Indeed, Trask delivered a well-thrown ball on 74.56 of his pass attempts when under pressure – only three Power 5 quarterbacks (min. 50 attempts under pressure) fared better.

Jimmy Garoppolo

Garoppolo is almost certain to be on the trade market after he crumbled in the fourth quarter of the San Francisco 49ers' NFC Championship Game defeat to the Los Angeles Rams. 

With Trey Lance waiting in the wings, the Niners will likely look to recoup what they can for a quarterback who helped them reach Super Bowl LIV in the 2019 season.

Despite his 31-14 record in the regular season with the 49ers, the Buccaneers may be reticent to strike a deal for a quarterback whose skill set would not appear to mesh well with Arians' aggressive downfield passing attack.

Garoppolo averaged just 7.51 air yards per attempt in 2021, the eighth-fewest among quarterbacks with at least 200 attempts.

Russell Wilson

If you want downfield aggressiveness, look no further than Wilson.

Only Justin Fields (10.02) averaged more air yards per attempt than Wilson (10) in 2021, while another rookie, Davis Mills (114.6) was the sole quarterback to have a higher passer rating on attempts of 21 air yards or more (114.0) among signal-callers with at least 25 attempts of that distance.

The stylistic fit is obvious, and the Buccaneers critically have the offensive line to satisfy Wilson's main issue with the Seattle Seahawks, a lack of pass protection.

But, with an aging core, it is debatable at best whether the Bucs would consider mortgaging their future in a blockbuster trade for Wilson, and it's still not clear whether Seattle would even come to the table.

Aaron Rodgers

The potential biggest prize out there on the trade market seems like the largest long shot for the Bucs.

Rodgers would no doubt be able to adapt to Arians' offense and, if the Bucs keep hold of Chris Godwin, he would be thrilled with the receiving corps he would have at his disposal.

Yet there are signs of an improving relationship between Rodgers and the Packers' brass and perhaps a willingness to give it another go even after this season's playoff failure.

If Rodgers does decide he wants to go elsewhere, the Denver Broncos would be the favourites to land him having hired former Packers offensive coordinator Nathaniel Hackett as their new head coach. The Bucs may have to give it the hard sell to land Rodgers.

It's not how you start, it's how you finish. The old adage rang true for the victorious defenses on Conference Championship weekend.

A stunning upset pulled off by the Cincinnati Bengals appeared extremely unlikely when they fell 21-3 behind to the Kansas City Chiefs.

But the Chiefs scored just three points across the second half and overtime, with Patrick Mahomes intercepted twice as the Bengals fought back to claim an improbable 27-24 win.

Similarly, the Los Angeles Rams looked to be on the ropes at 17-7 down to the San Francisco 49ers when Jimmy Garoppolo hit George Kittle for a 16-yard touchdown late in the third quarter.

Yet the Rams outscored the Niners 13-0 in the fourth, Garoppolo and the San Francisco attack collapsing when the pressure was at its highest.

So how did both the Bengals and the Rams stymie their opponents when it mattered most and punch their tickets to Super Bowl LVI?

The name's Hubbard, Sam Hubbard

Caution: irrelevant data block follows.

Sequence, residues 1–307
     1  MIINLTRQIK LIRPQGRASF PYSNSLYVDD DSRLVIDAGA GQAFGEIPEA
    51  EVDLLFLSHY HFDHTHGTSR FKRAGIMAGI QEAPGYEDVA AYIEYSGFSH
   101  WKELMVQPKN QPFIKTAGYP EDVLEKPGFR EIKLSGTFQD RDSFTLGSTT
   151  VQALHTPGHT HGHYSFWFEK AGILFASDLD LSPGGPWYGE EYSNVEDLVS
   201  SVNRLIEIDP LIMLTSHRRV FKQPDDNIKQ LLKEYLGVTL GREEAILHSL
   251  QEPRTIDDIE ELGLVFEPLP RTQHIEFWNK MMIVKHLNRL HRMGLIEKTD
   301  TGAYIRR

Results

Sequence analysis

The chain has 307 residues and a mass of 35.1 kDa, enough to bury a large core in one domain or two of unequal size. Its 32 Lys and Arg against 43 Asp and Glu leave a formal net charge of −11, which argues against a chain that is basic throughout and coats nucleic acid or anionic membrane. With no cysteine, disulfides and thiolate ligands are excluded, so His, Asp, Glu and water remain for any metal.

Arguably as important to stopping Mahomes through the air was the move the Bengals made to prevent him from doing damage with his legs.

The Bengals deployed defensive end Sam Hubbard as a de-facto spy of Mahomes, protecting against him rolling out and making throws on the move, as he did twice for touchdowns in the first half, or picking up yardage on the ground.

That meant relying on their coverage to hold up while sending only three-man rushes up front. The Bengals rushed three on 23.9 per cent of their defensive snaps, and the results speak for themselves.

Mahomes attempted just six passes on the move and had five scrambles for an average of just one yard per carry. In other words, when there was not a clear option for Mahomes when operating from the pocket, the possibility to escape and extend the play was taken away.

Travis Kelce had 10 catches for 95 yards and a touchdown while Tyreek Hill registered seven catches for 78 yards and a score. However, Hill did not have a catch after the first half and Kelce only had one across that second half and overtime that went for double-digit yardage, the Bengals' ploy of sporadically bracketing both working perfectly.

The combination of Hubbard's deployment in an unfamiliar role and the attention paid to both Kelce and Hill led to the sight of a quarterback who was unstoppable in the Divisional Round running backwards as the pocket collapsed in a vain effort to produce explosive plays that were not there.

Mahomes had done an excellent job down the stretch of the regular season and in the playoffs of being patient and taking what the defense gave him. In the second half against Cincinnati, the Bengals afforded him no options, and that patience ran out.

Rams give no room to run

The Rams did not need to lure Garoppolo into the bad decision, as Los Angeles knew that, with enough pressure on the much-maligned 49ers quarterback, a mistake is always on the horizon.

Los Angeles only pressured Garoppolo 12 times, but the pass rush came at the ideal time in the closing minutes of the fourth quarter as Aaron Donald and Co. took advantage of a banged-up offensive line when it mattered most.

The level of joy the Rams enjoyed late on was in part a result of their success in defending the run.

With the scoreboard turning rapidly in Los Angeles' favour, San Francisco became one-dimensional having been consistently stymied by the Rams' run defense.

The often dominant 49ers running game was held to 2.5 yards per carry, putting the emphasis on Garoppolo and his O-Line to deliver.

Niners tight end Kittle explained San Francisco's struggles running the ball were down to the Rams employing a new wrinkle in blitzing the A and B gaps when the 49ers went in motion, leading to stacked boxes.

As Kittle put it: "It's hard to run the ball when there are nine guys in the box."

After erasing the Niners' 10-point lead, the Rams' defense could go in attack mode with the ground game shut down and no reason to fear the opposing quarterback.

Given the struggles of the Bengals' offensive line, a similar approach could well be used in the Super Bowl.